PGA Tour players and caddies will have a chance to receive a paycheck during the coronavirus hiatus, which is still expected to end in the middle of May, the Tour commissioner said Saturday.
Players inside and outside of the top 150 of the current FedEx Cup standings will be paid differently, Jay Monahan said in a video sent to players on Saturday and obtained by GOLF.com. For players in the top 150, the Tour will reduce its deferred allocation of the players’ projected season-ending bonuses and provide a cash advance. The advance will have a cap of $100,000.
Players outside of the top 150 will have four opportunities to receive money — advance pay on future Monday pro-ams; an advance on future earnings; player retirement plan financial hardship distribution; and distribution from the PGA Tour charitable and education benevolent fund.
Caddies, Monahan said, can be paid through a distribution of $250,000 from the Valspar Caddie Hat program, and an increase of the balances available for caddies under the caddie benevolent fund.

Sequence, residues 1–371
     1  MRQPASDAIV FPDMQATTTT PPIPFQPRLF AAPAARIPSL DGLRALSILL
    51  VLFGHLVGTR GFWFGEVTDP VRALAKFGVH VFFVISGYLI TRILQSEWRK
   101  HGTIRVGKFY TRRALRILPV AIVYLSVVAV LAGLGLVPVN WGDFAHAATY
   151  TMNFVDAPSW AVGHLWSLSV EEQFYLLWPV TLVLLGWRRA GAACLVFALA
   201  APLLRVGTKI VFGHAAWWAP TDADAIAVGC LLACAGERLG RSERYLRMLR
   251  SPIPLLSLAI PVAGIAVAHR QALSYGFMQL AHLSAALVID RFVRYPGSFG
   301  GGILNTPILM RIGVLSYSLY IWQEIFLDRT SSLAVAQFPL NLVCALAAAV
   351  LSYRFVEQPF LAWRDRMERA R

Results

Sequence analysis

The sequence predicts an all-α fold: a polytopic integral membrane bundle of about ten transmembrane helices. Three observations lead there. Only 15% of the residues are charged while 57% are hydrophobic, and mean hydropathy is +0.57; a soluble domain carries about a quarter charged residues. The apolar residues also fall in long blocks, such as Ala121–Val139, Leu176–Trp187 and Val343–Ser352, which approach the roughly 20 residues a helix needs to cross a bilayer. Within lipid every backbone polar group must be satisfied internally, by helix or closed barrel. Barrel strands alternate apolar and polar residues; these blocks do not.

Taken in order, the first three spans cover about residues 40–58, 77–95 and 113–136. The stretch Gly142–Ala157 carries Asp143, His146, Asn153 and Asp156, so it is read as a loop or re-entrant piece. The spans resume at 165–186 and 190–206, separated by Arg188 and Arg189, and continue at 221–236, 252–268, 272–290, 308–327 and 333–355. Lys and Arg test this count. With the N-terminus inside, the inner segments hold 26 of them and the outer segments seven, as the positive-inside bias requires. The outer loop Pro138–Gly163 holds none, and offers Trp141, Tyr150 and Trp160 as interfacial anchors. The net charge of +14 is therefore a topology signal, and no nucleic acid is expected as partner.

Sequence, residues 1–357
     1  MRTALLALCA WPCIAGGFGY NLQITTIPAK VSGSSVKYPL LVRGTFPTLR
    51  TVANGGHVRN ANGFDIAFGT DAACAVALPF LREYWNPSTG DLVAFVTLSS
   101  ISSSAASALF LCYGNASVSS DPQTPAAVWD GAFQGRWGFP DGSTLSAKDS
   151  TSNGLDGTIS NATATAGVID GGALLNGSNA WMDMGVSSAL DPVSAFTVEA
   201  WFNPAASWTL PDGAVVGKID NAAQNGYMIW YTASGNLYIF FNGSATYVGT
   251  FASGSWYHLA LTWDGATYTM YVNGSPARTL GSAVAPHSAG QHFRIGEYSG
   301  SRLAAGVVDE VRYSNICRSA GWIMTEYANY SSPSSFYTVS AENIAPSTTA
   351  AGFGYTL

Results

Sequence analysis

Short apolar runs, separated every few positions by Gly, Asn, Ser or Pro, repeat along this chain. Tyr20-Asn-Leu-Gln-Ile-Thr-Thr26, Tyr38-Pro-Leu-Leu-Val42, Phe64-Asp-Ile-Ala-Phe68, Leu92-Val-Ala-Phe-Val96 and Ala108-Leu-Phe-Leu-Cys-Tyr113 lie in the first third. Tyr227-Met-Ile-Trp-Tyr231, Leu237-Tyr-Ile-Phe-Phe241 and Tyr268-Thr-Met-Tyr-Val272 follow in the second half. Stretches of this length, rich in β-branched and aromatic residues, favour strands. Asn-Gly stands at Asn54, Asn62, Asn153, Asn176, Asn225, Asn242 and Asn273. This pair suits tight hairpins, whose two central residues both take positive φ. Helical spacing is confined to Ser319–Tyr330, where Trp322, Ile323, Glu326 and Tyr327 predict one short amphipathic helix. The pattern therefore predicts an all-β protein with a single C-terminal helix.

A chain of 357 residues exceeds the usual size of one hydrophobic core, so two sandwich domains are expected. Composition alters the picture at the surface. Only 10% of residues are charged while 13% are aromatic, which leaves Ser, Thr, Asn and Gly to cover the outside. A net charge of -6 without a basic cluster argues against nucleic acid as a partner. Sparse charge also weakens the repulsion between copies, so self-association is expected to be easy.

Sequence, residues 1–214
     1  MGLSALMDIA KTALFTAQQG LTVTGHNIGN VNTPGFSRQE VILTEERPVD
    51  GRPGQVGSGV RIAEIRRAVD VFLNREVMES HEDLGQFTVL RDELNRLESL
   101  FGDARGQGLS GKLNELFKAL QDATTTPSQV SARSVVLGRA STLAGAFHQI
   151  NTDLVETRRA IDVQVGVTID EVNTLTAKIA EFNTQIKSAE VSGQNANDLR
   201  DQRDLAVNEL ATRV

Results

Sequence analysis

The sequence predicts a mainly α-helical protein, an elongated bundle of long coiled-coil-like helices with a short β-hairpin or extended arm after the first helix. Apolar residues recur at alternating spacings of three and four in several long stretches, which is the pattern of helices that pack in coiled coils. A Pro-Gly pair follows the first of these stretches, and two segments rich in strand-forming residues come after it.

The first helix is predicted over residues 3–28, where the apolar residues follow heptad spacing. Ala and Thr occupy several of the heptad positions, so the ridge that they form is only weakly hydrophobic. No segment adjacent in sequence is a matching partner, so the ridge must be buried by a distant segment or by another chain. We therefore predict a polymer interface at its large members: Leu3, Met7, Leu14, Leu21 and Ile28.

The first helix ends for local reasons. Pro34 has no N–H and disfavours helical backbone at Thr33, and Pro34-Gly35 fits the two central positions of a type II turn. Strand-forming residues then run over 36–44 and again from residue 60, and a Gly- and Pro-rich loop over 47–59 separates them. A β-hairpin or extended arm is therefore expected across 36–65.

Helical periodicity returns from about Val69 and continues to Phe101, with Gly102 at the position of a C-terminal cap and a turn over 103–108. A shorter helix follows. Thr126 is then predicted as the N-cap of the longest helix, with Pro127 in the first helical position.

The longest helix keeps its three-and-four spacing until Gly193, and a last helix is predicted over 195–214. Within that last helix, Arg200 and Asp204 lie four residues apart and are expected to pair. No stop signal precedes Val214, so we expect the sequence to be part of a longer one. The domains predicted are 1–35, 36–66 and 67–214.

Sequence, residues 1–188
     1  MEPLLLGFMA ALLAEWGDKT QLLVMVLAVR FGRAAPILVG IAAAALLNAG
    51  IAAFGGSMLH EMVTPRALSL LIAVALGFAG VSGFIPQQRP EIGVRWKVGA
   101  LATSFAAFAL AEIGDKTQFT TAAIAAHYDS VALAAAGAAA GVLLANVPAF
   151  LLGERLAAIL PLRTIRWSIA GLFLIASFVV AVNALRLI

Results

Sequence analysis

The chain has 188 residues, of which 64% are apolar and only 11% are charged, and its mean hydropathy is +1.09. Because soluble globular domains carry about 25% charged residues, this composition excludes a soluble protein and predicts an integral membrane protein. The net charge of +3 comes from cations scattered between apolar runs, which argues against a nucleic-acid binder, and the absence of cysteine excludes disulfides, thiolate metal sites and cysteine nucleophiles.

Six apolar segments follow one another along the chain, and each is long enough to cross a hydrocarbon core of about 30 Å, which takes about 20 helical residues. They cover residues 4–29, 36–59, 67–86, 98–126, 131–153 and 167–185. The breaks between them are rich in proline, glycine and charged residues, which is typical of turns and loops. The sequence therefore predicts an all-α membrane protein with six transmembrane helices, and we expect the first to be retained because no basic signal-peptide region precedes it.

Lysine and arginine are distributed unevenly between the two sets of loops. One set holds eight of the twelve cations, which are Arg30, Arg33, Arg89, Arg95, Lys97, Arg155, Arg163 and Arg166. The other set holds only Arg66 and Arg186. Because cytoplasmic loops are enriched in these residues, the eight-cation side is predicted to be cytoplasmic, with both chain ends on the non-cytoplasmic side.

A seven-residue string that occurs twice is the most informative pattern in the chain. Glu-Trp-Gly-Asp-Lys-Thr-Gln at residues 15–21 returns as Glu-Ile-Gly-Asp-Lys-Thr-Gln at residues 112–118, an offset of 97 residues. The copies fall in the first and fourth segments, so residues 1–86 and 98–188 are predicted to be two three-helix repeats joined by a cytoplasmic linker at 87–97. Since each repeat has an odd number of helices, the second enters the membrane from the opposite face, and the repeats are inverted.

Monahan said the plan was supported by the PGA Tour’s policy board and player advisory council.
“We feel that these steps are prudent and appropriate for our membership at this time,” Monahan said. “Essentially, it allows us to help those who need assistance, but remain under the guidelines and constraints of our 501 (c)(6) tax status.
“With that said, I’d ask that each of you handle this news of the player financial program in a thoughtful and respectful manner. It probably goes without saying, but there’s a great deal of hurt in the world right now. People are losing their jobs, people are sick, people are burying their loved ones. We want to take care of our membership, of course, but we want to be cognizant of the broader hardships being faced by communities around the globe.”
The move comes in light of events being postponed due to the global coronavirus pandemic. To date, the PGA Tour has canceled events through the middle of May, Augusta National Golf Club has postponed the Masters and the PGA of America has postponed the PGA Championship. In addition, the U.S. Open in June is likely to be postponed, the New York Post has reported.
In the video, Monahan said the Tour’s plan is to still resume play the week of May 18 with the Charles Schwab Challenge, the first event after the PGA Championship. He said there will be more specifics next week.
“To ensure we put forth the best schedule possible, we are in daily dialogue with all of our industry partners,” Monahan said. “Our goal is to deliver the best cadence of events for our members, of course, but also for our fans around the world and to do so in a thoughtful, unified fashion.”
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